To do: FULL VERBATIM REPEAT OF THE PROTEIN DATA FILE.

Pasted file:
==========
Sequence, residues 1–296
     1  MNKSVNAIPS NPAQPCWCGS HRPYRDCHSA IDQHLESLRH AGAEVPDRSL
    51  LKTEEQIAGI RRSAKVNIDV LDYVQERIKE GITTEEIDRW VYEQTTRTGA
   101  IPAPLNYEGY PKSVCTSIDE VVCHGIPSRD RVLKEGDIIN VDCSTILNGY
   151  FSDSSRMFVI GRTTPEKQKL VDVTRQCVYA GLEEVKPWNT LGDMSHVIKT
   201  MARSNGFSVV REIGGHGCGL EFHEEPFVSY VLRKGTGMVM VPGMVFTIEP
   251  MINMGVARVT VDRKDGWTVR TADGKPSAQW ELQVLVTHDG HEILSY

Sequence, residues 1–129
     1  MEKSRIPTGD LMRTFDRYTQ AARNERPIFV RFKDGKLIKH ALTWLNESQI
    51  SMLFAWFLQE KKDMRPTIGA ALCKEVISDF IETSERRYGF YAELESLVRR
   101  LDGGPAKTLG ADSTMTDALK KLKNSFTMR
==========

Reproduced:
Sequence, residues 1–296
     1  MNKSVNAIPS NPAQPCWCGS HRPYRDCHSA IDQHLESLRH AGAEVPDRSL
    51  LKTEEQIAGI RRSAKVNIDV LDYVQERIKE GITTEEIDRW VYEQTTRTGA
   101  IPAPLNYEGY PKSVCTSIDE VVCHGIPSRD RVLKEGDIIN VDCSTILNGY
   151  FSDSSRMFVI GRTTPEKQKL VDVTRQCVYA GLEEVKPWNT LGDMSHVIKT
   201  MARSNGFSVV REIGGHGCGL EFHEEPFVSY VLRKGTGMVM VPGMVFTIEP
   251  MINMGVARVT VDRKDGWTVR TADGKPSAQW ELQVLVTHDG HEILSY

Sequence, residues 1–129
     1  MEKSRIPTGD LMRTFDRYTQ AARNERPIFV RFKDGKLIKH ALTWLNESQI
    51  SMLFAWFLQE KKDMRPTIGA ALCKEVISDF IETSERRYGF YAELESLVRR
   101  LDGGPAKTLG ADSTMTDALK KLKNSFTMR